Is Linux Mint the Most Popular Distro?
Ubuntu has been at the top of the Linux popularity contest for much of the past five years, but that's starting to change as Linux Mint's popularity grows. As the sands of Linux popularity shift, development on other distros and key components of Linux continued to move forward last week.
1. Linux Mint
It's never been an easy thing to measure the popularity of a Linux distribution. Downloads alone are not an accurate measure, and distributions don't always know how many people have actually downloaded their distro.
Others, like Fedora, try to take stab at usage by counting how many servers contact the main repositories for updates.
Then there is the popularity contest that is DistroWatch. DistroWatch ranks Linux distributions based on the page hit ranking of a given disto's page on the DistroWatch site. No, it's not necessarily an accurate measure of total usage, as it does not rely on distributed data, or even data from the distros.
That said, DistroWatch is perhaps a leading indicator of community sentiment and popularity (if not actually hard usage numbers).
For most of its existence, Ubuntu has dominated the list, holding the top ranking for much of the past four years. That changed this past week, when Mint surpassed it for the first time to take the No. 1 spot.
Linux Mint is based on Ubuntu, much like Ubuntu is based on Debian. Just as Ubuntu aimed to deliver on the shortcomings of Debian, so too does Linux Mint aim to deliver on the perceived deficiencies of Ubuntu.
At this point, perhaps the biggest and most visible difference between Ubuntu and Linux Mint is Unity. Linux Mint has not taken the much-criticized Unity interface as its own.
Moving forward, the new Linux Mint 12 release (currently at release candidate stage), uses GNOME 3 with Mint Gnome Shell Extensions (MSGE).
"MGSE (Mint Gnome Shell Extensions) is a desktop layer on top of Gnome 3 that makes it possible for you to use Gnome 3 in a traditional way," The Linux Mint 12 features page explains. "You can disable all components within MGSE to get a pure Gnome 3 experience, or you can enable all of them to get a Gnome 3 desktop that is similar to what you've been using before."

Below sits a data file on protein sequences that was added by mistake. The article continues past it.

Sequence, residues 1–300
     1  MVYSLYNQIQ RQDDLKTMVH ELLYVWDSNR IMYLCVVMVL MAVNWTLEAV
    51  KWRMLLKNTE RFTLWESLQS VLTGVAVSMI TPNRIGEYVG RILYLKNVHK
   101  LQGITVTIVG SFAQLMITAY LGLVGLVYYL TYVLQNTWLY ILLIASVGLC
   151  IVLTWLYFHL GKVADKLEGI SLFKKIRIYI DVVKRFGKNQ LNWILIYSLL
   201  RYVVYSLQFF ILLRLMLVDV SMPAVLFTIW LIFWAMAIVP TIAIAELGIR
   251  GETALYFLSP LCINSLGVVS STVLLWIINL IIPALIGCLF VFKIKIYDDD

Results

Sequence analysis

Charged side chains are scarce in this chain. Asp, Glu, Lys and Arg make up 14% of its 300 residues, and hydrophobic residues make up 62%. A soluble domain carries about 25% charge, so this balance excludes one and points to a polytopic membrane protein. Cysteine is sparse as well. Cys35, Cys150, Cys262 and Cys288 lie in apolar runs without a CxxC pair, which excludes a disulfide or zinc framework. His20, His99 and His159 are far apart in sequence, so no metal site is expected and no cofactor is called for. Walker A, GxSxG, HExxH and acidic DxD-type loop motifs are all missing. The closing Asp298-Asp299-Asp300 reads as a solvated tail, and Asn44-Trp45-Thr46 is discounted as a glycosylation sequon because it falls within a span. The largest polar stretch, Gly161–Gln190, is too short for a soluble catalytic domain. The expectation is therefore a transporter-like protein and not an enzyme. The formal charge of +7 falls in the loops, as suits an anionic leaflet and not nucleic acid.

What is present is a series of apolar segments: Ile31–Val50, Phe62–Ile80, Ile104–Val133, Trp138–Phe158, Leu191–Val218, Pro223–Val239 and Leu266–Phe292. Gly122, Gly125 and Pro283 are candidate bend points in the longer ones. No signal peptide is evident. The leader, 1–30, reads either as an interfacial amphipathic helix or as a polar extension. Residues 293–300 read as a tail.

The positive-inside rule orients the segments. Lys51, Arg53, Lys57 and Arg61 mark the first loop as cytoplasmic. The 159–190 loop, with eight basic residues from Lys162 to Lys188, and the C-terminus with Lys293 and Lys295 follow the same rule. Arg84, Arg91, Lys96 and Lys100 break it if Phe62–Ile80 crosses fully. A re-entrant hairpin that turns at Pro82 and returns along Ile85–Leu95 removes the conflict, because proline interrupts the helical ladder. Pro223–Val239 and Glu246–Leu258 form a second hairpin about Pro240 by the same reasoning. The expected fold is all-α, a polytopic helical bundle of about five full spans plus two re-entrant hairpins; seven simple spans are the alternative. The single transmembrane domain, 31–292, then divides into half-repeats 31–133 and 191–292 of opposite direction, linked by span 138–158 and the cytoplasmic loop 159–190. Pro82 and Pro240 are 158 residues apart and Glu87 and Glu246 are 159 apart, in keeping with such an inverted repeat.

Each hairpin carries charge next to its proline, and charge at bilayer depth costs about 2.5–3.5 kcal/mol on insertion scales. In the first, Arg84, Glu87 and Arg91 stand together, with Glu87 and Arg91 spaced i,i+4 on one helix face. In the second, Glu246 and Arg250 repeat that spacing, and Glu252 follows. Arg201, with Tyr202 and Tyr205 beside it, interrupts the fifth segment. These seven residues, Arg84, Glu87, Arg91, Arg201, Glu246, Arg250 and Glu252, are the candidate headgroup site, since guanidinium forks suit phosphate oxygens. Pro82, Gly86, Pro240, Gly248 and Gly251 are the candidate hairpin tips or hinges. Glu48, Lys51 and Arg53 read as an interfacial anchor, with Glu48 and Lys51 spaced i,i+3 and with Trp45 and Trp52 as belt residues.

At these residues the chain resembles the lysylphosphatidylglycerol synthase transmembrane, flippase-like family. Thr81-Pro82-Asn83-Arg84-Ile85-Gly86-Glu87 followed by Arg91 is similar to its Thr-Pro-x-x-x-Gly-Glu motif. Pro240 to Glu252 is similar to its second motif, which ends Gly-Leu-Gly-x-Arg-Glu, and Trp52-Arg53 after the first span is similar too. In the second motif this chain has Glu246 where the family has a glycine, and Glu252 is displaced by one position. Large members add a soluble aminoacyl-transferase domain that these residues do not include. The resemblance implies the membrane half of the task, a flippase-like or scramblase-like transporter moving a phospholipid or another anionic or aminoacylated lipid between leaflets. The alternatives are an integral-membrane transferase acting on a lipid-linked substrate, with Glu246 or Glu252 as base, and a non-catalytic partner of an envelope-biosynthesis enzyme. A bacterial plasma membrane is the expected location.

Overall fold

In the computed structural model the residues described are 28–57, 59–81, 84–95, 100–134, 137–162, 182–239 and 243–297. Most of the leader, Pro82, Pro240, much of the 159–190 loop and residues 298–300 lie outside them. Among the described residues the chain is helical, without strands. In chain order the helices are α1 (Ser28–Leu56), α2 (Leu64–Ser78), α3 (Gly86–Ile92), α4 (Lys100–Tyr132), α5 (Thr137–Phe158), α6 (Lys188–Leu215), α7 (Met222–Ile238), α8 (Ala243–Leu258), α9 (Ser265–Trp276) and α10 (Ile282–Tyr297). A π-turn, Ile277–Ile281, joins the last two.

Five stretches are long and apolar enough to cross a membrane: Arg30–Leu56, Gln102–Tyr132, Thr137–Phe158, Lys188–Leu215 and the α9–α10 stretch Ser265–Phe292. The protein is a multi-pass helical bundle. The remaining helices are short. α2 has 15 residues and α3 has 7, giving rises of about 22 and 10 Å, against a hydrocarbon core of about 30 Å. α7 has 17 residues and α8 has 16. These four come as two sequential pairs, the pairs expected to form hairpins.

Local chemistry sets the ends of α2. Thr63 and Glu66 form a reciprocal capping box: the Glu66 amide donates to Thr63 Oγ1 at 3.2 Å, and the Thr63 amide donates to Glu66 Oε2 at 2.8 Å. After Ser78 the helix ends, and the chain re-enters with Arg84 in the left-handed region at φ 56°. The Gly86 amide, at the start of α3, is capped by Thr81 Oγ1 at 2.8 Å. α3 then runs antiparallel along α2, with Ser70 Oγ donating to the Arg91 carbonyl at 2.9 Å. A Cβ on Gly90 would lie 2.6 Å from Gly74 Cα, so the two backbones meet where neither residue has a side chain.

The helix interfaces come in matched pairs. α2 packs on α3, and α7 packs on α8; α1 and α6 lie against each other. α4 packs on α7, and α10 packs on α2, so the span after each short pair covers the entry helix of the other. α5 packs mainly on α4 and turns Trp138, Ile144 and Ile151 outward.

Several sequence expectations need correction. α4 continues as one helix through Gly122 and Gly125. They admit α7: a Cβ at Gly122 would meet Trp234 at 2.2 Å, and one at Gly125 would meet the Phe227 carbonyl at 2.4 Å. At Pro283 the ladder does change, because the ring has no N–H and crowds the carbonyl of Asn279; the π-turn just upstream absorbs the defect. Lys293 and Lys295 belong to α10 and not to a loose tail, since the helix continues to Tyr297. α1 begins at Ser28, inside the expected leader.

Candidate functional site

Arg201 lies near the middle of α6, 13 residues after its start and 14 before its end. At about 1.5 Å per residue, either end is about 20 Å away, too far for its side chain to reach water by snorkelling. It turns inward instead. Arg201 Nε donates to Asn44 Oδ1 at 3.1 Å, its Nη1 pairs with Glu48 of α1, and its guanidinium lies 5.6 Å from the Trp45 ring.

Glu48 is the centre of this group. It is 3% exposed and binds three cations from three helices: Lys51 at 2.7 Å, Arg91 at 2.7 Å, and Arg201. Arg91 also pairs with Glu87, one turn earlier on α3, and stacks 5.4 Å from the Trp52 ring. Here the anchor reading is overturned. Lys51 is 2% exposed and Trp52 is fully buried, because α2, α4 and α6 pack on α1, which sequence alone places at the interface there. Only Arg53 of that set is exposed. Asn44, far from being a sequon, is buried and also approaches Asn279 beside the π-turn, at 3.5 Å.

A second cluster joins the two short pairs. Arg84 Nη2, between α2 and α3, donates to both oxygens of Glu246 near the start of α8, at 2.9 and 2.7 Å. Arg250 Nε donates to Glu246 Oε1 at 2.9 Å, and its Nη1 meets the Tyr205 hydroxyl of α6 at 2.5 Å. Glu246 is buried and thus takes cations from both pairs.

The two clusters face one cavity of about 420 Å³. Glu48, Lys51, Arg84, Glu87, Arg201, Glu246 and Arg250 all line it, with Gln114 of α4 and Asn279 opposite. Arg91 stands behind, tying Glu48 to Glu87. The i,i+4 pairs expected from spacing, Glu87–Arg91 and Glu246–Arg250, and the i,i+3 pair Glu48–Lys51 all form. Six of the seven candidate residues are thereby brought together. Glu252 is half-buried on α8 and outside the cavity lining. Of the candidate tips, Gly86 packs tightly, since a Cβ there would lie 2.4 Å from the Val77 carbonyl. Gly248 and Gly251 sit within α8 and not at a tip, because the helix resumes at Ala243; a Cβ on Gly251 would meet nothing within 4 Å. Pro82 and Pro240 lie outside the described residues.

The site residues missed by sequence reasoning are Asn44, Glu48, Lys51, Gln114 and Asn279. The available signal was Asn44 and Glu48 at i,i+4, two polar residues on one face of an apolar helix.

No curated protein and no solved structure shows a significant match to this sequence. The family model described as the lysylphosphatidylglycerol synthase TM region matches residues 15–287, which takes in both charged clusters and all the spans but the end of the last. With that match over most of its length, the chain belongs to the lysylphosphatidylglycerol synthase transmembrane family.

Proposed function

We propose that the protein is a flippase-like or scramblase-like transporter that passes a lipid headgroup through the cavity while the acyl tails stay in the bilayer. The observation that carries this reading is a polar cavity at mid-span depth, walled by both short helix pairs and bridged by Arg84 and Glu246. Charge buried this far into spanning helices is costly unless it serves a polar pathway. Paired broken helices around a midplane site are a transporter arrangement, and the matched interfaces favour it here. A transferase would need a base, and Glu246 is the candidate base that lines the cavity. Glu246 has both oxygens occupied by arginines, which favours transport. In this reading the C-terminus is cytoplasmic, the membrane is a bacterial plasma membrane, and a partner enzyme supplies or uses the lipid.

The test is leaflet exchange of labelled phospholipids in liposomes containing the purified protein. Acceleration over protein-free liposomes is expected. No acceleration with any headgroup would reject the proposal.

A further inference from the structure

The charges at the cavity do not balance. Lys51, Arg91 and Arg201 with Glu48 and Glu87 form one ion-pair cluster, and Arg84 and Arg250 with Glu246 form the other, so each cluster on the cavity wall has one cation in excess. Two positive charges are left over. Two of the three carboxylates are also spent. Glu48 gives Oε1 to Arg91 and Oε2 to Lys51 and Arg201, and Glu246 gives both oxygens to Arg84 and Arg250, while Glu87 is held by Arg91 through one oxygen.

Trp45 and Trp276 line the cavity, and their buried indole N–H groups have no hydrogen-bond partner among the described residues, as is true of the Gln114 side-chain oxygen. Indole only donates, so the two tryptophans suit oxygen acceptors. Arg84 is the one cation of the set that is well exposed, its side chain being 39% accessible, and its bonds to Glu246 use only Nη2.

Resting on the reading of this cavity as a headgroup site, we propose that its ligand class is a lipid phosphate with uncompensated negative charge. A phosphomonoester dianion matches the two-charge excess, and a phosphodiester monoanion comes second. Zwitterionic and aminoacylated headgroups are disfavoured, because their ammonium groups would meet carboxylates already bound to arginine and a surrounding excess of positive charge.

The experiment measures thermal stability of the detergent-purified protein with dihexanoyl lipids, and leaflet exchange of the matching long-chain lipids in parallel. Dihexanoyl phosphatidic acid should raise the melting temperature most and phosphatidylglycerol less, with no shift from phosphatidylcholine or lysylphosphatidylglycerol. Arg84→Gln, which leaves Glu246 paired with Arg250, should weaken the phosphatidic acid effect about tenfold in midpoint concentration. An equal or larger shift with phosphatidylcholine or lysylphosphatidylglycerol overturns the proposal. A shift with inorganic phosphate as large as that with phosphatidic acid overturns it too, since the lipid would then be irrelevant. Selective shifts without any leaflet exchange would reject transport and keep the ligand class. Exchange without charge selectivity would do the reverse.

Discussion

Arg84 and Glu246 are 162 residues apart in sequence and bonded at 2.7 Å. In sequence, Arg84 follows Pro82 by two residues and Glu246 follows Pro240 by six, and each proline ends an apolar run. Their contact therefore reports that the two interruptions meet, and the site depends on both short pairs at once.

Linux Mint has built its popularity (regardless of how you measure it) by respecting users and not introducing invasive changes, while still pushing the underlying technology forward.
2. Sabayon 7 'Awesome'
While not nearly as popular as Linux Mint, the Sabayon Linux distribution has also grown a solid base of devoted followers. Sabayon is based on Gentoo Linux, which is a source-based distribution.
Sabayon is expanding its Linux desktop base with a set of three minimal user interfaces under the Sabayon 7 Experimental banner. Sabayon 7 Experimental now includes the LXDE interface, which has become increasingly popular in recent years and is included in the Ubuntu, openSUSE and Fedora repositories as well.
Going beyond LXDE, Sabayon is supporting the E17 (Enlightenment) window manager as well as the Awesome window manager.
"Awesome is a highly configurable, next-generation framework window manager for X," the Awesome WM project site states. "It is primarily targeted at power users, developers and any people dealing with every day computing tasks and who want to have fine-grained control on theirs graphical environment."
3. Parted Magic
While full-blown general purpose operating system versions of Linux are widely used, so too are purpose-built distros like Parted Magic.
Parted Magic is all about managing your hard storage device, providing the ability to move, copy, create, delete, expand and shrink hard drive partitions. The core programs in Parted Magic are GParted and Parted, which can also be used in other distros, but hey, when you need to resize a drive, there really is no easier way than popping in a Parted Magic LiveCD.
This past week, Parted Magic 11.11.11 was released, upgrading the underlying Linux kernel to 3.1.0 and the latest 0.10.0 release of GParted.
4. Linux 3.2 Moving Forward
Linux kernel development continues to press forward with the 3.2 kernel. Due to the longer than usual development cycle of the 3.1 kernel, there was a lot of backlog for the 3.2 merge window.
According to Linus Torvalds, there are changes throughout the new kernel.
"It's about 75 percent drivers (and that's without the renames counted as big delete/create events -- in the traditional diff, more than 90 percent is drivers), 15 percent arch and 10 percent 'rest' (mainly fs and net -- with header file changes showing up in the statistics too)," Torvalds wrote in a mailing list posting.
5. Apache Harmony Dead
In 2005, the idea of having a fully open source implementation of Java was a novel ideal. That's when the Apache Harmony project was born, as an attempt to build open source Java.
In 2011, things are very different than they were in 2005. Oracle owns Java, Java is open source, and the OpenJDK effort is backed by IBM, Red Hat and others.
After years of trying to be a viable open source implementation of Java, this past week, Apache Harmony developers threw in the towel, voting to send Harmony to the Apache Attic.